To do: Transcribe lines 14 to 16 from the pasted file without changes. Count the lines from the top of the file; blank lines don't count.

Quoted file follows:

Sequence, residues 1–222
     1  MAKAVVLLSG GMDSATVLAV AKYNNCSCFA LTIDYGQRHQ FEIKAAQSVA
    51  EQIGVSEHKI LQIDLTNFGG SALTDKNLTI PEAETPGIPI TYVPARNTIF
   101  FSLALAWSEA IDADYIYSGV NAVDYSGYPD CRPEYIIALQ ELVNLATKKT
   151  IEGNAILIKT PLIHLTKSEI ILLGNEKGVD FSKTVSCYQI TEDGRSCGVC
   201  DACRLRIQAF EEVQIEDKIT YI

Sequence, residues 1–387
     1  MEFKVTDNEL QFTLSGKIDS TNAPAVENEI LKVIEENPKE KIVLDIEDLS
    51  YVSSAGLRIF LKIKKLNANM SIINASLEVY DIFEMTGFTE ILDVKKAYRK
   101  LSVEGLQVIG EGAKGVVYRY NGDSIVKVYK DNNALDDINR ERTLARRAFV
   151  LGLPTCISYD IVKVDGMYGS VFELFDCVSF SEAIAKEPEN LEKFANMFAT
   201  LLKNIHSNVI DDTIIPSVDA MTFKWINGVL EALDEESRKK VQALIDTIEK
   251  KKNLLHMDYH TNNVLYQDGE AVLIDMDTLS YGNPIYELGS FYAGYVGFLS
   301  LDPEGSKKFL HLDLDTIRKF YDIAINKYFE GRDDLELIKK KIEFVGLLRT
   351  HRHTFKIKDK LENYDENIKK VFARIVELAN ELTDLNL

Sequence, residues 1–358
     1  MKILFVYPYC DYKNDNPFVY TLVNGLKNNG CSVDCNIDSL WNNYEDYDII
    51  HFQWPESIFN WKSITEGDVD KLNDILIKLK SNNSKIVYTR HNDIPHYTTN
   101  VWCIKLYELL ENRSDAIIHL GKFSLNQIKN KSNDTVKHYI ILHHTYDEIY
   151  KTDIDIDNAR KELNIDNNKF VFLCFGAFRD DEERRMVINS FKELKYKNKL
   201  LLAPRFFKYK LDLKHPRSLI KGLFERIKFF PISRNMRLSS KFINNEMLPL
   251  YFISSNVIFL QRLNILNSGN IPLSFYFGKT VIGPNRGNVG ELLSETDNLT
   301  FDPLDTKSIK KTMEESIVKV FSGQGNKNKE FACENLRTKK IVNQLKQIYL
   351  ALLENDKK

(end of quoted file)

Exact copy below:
   301  LDPEGSKKFL HLDLDTIRKF YDIAINKYFE GRDDLELIKK KIEFVGLLRT
   351  HRHTFKIKDK LENYDENIKK VFARIVELAN ELTDLNL

Sequence, residues 1–358